Welcome to my ROLLED SCROLL study, where I follow cultural and literary images found in the Bible in an attempt to unearth God’s meaning in His pattern of usage.
The finest clothing made is a person’s skin, but, of course, society demands something more than this.
—Mark Twain, New York Times, 1906
It’s always the badly dressed people who are the most interesting.
—Jean Paul Gaultier, Designer
Poets and wags have much to say on the subject of what to wear, but the story of clothing is most fascinating as told through Scripture. In last month’s post we followed OT images of clothing that illustrate God’s character as Creator, Provider, and Judge; they relate to the Fall of mankind into sin, God’s care for Israel physically through daily supply and spiritually through priestly blood sacrifice, and His promises to one day bring His people back to Himself again.
The New Testament carries on the motif of clothing with meaning progressively added, beginning with the Gospels where a sort of salvation history can be traced chronologically in the life of Christ:
- At His Nativity, Jesus was wrapped in swaddling cloths and (though not specified here) we can imagine the rich outfits of the visiting Magi, the rags of the peasant shepherds, and the shining glory of the angels’ apparel (Luke 2:7-13; Matt. 2:1ff).
- John the Baptist preached in camel’s hair and leather so distinct from the long robes of the religious leaders, marking him as a prophet and indicating his message of Christ’s very different in-breaking kingdom (Matt. 3:4; Luke 7:24-27; Luke 20:46).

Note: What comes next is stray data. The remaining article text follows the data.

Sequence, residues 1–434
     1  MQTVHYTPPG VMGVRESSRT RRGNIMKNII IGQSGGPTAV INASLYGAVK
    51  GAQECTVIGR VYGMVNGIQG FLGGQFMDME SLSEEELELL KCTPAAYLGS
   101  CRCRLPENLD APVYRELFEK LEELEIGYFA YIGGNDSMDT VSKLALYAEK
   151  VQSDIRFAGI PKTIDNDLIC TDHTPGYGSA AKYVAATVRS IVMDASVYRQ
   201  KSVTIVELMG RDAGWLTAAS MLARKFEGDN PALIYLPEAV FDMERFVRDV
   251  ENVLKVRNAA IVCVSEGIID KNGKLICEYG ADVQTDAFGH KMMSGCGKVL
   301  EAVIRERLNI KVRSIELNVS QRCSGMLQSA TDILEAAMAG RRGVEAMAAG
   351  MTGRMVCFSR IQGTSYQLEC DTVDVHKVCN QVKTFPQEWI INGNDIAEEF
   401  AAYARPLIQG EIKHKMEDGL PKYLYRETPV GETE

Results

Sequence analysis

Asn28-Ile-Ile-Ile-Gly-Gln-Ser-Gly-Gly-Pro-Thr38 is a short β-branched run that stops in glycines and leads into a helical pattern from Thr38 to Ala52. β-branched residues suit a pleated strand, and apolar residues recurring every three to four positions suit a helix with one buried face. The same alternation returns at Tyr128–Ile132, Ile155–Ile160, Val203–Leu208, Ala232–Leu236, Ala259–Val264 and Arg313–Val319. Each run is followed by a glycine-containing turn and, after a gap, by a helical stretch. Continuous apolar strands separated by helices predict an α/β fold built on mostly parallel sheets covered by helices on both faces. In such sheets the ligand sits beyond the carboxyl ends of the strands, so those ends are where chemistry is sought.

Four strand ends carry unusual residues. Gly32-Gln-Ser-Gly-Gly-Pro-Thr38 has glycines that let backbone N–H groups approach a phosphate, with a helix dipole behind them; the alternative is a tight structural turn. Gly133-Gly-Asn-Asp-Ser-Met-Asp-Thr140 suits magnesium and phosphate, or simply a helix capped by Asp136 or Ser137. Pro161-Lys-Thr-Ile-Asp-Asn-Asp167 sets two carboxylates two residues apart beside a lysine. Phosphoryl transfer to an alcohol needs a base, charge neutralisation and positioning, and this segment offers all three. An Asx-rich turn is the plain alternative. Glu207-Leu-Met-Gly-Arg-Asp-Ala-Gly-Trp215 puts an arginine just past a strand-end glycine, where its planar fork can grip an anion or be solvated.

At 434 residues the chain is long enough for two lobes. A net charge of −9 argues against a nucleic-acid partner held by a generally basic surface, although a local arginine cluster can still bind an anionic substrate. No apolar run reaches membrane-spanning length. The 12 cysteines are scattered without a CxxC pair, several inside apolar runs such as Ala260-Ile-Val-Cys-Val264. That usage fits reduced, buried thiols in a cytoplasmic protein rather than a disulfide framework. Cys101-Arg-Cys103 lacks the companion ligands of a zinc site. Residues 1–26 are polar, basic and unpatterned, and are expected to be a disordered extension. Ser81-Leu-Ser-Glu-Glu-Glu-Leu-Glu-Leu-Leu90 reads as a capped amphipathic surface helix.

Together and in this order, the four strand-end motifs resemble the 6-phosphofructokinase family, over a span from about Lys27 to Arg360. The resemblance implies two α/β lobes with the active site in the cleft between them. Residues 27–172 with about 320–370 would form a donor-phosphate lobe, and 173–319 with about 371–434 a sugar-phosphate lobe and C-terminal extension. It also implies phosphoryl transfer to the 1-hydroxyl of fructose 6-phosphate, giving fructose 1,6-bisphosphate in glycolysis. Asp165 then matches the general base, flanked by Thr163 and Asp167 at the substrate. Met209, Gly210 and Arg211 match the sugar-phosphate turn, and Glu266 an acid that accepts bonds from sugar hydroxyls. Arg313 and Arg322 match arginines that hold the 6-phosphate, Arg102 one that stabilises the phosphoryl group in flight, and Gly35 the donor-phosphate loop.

- The element of clothing was involved in Jesus’ ministry. Those who touched His garments in faith were physically healed (Mark 5:25-34; Mark 6:56). He warned against false teachers as wolves dressed like sheep, and admonished believers to care for the poor and naked (Luke 12:23-28; Matt. 7:15; Matt. 25:36-43). Where the OT Law had disallowed lending or taking of one’s cloak, Jesus’ law of love prescribed turning the cheek and giving more than was demanded (Matt. 5:40; Luke 6:29; see also Exod. 22:26).
- In Jesus’ parables the prodigal son received his father’s best robe upon returning as believers receive God’s gracious welcome home; the “purple and fine linen” of the rich man did not get him into the Heaven that poor Lazarus entered; and wedding clothes depicted righteousness in Jesus’ economy (Luke 15:22; Luke 16:19-20ff; Matt. 22:11-14).
- On the Mount of Transfiguration, Jesus’ clothing became “bright as a flash of lightning” (NIV) as He spoke to Elijah and Moses about His coming departure from this world through which He would bring salvation (Matt. 17:2; Luke 9:28-31).
- In the Triumphal Entry, Jesus rode into Jerusalem on a saddle of His disciples’ cloaks, His donkey treading on the coats that the crowd spread before them (Matt. 21:6-8).
- During the arrest and trial, He was brought before Caiaphas who, in fury over Jesus’ “blasphemous” statement of His deity, tore his own priestly garb (which, incidentally, the Law forbade; Lev. 21:10; Matt. 26:65). Soldiers stripped the condemned Jesus, dressing Him in the scarlet robes of a king to mock and humiliate Him (Matt. 27:27-31).
- At the Crucifixion, His garments were divided up into lots in fulfillment of prophecy (Matt. 27:35; John 19:23-24).
- But at His Resurrection from the dead, He left behind the linen shroud in which His body was wrapped, exchanging it for transcendent, heavenly clothing (Matt. 27:59; John 20:3-7; Rev. 1:13).
- The angels attending the tomb were dressed resplendently, as were the angels standing beside the disciples at Jesus’ Ascension into Heaven (Matt. 28:3; Luke 24:4; Acts 1:10).